Open this publication in new window or tab >>Informal caregivers' conceptions of daily life with a spouse having chronic obstructive pulmonary disease
2013 (English)Doctoral thesis, comprehensive summary (Other academic)
Abstract [en]

The overall aim of this thesis was to explore informal caregivers’ daily life with particular focus on those living with a spouse who has Chronic Obstructive Pulmonary Disease (COPD) in different grades, mild to severe, based on the ill person’s main concern.

The study design was explorative, comparative and descriptive. The thesis included a literature review of 45 scientific articles and semi-structured interviews with 23 patients suffering from COPD, and 21 women and 19 men living with a spouse suffering from COPD. Data were analysed using content analysis, grounded theory, and phenomenography.

Main findings: Men and women living with a spouse suffering from mild COPD did not experience changes in their daily life, and were not in need of support. It was when the COPD gradually escalated that their daily life was affected and they needed support. The caregiving women conceived that their daily life was socially restricted, they had changed roles, changes in health and changes in the couple’s relationship. The caregiving men’s daily life was conceived as burdened, restricted and the partner relationship was affected. The men’s attitude was to continue with their own life and own activities, and their approach to their caregiving situation was to view themselves as “Me and my spouse”. The main concern for people suffering from COPD was feelings of guilt due to self-inflicted disease associated with smoking habits. The thesis shows that there are differences in informal caregiving between males and females.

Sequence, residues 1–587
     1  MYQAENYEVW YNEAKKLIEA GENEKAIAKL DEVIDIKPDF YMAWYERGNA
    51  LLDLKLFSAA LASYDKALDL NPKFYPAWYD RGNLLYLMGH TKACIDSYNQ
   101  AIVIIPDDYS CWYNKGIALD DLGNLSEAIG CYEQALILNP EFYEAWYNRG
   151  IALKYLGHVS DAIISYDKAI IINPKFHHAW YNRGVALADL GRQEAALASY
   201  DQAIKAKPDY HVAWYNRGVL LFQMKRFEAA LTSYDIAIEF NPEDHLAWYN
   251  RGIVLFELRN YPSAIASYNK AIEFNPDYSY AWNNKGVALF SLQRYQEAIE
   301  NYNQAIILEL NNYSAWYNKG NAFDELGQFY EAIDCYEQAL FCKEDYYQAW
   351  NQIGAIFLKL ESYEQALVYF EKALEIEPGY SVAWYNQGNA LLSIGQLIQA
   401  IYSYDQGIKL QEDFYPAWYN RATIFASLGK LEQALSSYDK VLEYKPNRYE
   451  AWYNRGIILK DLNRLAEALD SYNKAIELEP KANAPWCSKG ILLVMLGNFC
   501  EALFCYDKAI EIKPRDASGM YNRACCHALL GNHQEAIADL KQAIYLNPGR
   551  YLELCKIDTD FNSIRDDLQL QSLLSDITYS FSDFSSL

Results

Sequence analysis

Conclusion: This thesis shows that there are differences in male and female caregiving for a spouse suffering from COPD. The caregivers conceive and handle the caregiving situation in different ways. It is central that health professionals and municipality consider this along with the individual needs that are related to the development of the COPD. There is a need to identify the person who suffers from COPD and their spouses from the first contact onwards, to regularly follow the development of their situation and need of support.

Place, publisher, year, edition, pages
Växjö, Kalmar: Linnaeus University Press, 2013. 83 p.
Series
Linnaeus University Dissertations, 112/2013
Keyword
Informal caregivers, gender, literature review, Chronic Obstructive Pulmonary Disease, daily life, feelings of guilt, grounded theory, main concerns, male spouses, female spouses, everyday life, phenomenography
National Category
Nursing
Research subject
Health and Caring Sciences, Caring Science
Identifiers
urn:nbn:se:lnu:diva-23308 (URN)978-91-86983-99-4 (ISBN)
Public defence
2013-02-01, Myrdal, Hus K, Växjö, 10:00 (Swedish)
Opponent
Supervisors
Available from: 2013-01-10 Created: 2013-01-07 Last updated: 2016-03-10Bibliographically approved

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Lindqvist, GunillaHeikkilä, KristiinaAlbin, BjörnHjelm, Katarina